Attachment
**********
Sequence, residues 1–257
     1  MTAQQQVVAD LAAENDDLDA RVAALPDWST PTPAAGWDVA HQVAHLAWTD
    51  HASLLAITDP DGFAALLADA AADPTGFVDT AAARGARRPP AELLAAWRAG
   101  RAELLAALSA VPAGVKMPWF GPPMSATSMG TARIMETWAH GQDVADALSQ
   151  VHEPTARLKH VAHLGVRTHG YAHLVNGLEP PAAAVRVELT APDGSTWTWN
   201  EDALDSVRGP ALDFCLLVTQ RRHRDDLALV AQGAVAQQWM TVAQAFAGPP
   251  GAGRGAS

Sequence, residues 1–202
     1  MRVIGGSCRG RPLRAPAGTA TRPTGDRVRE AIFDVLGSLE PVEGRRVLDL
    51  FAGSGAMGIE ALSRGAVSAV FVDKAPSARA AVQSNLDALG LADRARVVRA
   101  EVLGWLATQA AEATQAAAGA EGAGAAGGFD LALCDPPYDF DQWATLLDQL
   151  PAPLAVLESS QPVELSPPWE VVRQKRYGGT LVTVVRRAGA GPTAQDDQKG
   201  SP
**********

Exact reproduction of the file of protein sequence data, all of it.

Sequence, residues 1–257
     1  MTAQQQVVAD LAAENDDLDA RVAALPDWST PTPAAGWDVA HQVAHLAWTD
    51  HASLLAITDP DGFAALLADA AADPTGFVDT AAARGARRPP AELLAAWRAG
   101  RAELLAALSA VPAGVKMPWF GPPMSATSMG TARIMETWAH GQDVADALSQ
   151  VHEPTARLKH VAHLGVRTHG YAHLVNGLEP PAAAVRVELT APDGSTWTWN
   201  EDALDSVRGP ALDFCLLVTQ RRHRDDLALV AQGAVAQQWM TVAQAFAGPP
   251  GAGRGAS

Sequence, residues 1–202
     1  MRVIGGSCRG RPLRAPAGTA TRPTGDRVRE AIFDVLGSLE PVEGRRVLDL
    51  FAGSGAMGIE ALSRGAVSAV FVDKAPSARA AVQSNLDALG LADRARVVRA
   101  EVLGWLATQA AEATQAAAGA EGAGAAGGFD LALCDPPYDF DQWATLLDQL
   151  PAPLAVLESS QPVELSPPWE VVRQKRYGGT LVTVVRRAGA GPTAQDDQKG
   201  SP